The Girl Who Played With Fire
Lisbeth Salander (Rapace), tattooed bisexual super-investigator, ace computer hacker and feminist heroine of Stieg Larsson’s best-selling crime trilogy, is wasting her time fighting crime on the street level when her skill set more than qualifies her to be running Sweden if not all of Scandinavia from the very top of the chain of command. But then again, she’s an alienated type and likely wouldn’t adapt well to the 9-to-5 office routine.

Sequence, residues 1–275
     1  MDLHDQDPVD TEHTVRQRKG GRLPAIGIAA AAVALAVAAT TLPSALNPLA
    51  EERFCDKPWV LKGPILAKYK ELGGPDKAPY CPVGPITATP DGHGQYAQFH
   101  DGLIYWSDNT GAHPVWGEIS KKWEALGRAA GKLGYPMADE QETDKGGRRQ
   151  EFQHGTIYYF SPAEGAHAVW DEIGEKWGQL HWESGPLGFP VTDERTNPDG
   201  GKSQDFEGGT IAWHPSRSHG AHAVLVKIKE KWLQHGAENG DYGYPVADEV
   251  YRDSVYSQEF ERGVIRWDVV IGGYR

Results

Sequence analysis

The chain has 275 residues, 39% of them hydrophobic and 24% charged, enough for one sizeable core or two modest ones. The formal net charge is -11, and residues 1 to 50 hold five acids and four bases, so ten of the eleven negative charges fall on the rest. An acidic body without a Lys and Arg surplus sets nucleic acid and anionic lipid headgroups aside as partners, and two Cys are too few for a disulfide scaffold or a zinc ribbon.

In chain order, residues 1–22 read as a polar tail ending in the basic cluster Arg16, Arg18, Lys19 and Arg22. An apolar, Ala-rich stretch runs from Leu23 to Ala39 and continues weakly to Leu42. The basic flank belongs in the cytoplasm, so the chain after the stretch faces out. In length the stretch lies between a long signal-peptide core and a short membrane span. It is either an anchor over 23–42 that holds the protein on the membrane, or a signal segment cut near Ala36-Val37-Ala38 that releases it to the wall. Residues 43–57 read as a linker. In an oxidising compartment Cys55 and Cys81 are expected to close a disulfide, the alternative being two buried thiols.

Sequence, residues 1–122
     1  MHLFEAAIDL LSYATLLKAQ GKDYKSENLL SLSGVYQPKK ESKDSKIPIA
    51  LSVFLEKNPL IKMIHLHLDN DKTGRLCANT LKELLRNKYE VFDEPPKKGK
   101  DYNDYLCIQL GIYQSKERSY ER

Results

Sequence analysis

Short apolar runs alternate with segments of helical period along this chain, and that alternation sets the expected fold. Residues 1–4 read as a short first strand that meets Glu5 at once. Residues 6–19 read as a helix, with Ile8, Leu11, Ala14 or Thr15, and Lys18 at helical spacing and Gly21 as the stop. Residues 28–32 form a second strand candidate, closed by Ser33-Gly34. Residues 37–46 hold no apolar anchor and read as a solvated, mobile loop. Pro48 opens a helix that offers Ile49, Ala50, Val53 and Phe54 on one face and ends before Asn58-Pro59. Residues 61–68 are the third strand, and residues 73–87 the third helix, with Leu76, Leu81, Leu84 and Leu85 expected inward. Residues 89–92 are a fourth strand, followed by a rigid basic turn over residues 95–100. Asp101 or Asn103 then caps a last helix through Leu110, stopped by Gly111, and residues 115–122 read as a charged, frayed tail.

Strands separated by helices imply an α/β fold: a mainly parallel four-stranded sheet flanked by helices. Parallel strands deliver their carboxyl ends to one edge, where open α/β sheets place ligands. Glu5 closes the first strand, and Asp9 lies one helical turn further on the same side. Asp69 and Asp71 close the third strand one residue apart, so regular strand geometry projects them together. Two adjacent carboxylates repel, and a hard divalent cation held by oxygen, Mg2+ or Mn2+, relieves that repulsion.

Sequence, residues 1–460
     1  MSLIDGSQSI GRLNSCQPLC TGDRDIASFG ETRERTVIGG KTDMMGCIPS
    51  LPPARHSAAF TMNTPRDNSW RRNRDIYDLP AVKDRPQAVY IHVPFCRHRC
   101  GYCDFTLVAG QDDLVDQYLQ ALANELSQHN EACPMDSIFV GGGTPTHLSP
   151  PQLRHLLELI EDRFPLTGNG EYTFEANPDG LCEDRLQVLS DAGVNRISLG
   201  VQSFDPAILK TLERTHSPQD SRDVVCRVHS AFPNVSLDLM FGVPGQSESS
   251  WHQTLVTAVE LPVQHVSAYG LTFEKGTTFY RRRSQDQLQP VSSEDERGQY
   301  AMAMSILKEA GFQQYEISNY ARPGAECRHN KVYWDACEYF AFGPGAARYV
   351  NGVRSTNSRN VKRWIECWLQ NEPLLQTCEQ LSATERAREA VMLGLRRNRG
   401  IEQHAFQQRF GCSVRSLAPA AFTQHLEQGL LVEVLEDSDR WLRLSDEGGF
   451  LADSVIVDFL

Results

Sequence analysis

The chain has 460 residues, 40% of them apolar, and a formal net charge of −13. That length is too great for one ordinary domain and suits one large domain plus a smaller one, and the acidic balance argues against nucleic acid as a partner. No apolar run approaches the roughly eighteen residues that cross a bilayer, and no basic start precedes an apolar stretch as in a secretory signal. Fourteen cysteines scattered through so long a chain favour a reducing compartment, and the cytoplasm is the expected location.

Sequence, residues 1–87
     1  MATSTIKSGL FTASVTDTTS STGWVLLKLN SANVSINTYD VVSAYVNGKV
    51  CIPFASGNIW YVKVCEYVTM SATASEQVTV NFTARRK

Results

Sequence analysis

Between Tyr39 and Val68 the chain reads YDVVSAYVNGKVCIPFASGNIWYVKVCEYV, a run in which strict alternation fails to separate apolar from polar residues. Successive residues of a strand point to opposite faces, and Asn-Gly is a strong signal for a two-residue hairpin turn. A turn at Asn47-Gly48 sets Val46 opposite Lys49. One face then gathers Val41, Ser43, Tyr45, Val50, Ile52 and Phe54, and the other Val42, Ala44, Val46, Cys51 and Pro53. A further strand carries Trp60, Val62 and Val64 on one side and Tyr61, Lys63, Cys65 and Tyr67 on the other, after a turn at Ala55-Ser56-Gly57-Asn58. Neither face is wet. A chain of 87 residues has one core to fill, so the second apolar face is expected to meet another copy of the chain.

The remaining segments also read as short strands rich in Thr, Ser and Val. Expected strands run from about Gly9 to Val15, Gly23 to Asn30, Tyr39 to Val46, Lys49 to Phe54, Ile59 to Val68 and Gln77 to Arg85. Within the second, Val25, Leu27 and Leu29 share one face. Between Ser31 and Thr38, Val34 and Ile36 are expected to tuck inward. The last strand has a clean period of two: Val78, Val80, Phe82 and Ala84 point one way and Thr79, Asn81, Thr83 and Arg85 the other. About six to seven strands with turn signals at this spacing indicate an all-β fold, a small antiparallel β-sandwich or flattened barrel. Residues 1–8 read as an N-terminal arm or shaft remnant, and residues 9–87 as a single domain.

Anyway, when police find Lisbeth’s fingerprints on a weapon that killed two journalists who had just blown the lid off a massive flesh-peddling racket, her estranged collaborator Mikael Blomkvist (Nyqvist) resumes his role as middle-aged Robin to her twentyish Batman. As usual, what they uncover is unspeakably sordid and entails coils of conspiracy that extend to the top levels of corporate political power while touching directly upon the personal lives of the righteous sleuths. It’s a heck of good ride if you have the stomach for this kind of violent puritanical moralism, which is basically a left-wing variant of Dirty Harry or Death Wish. Writer Jonas Frykberg and director Alfredson pour on the Nordic chill and gloom till it hurts, and are probably doing for Swedish tourism what Midnight Express did for that of Turkey back in the late ’70s. Good times!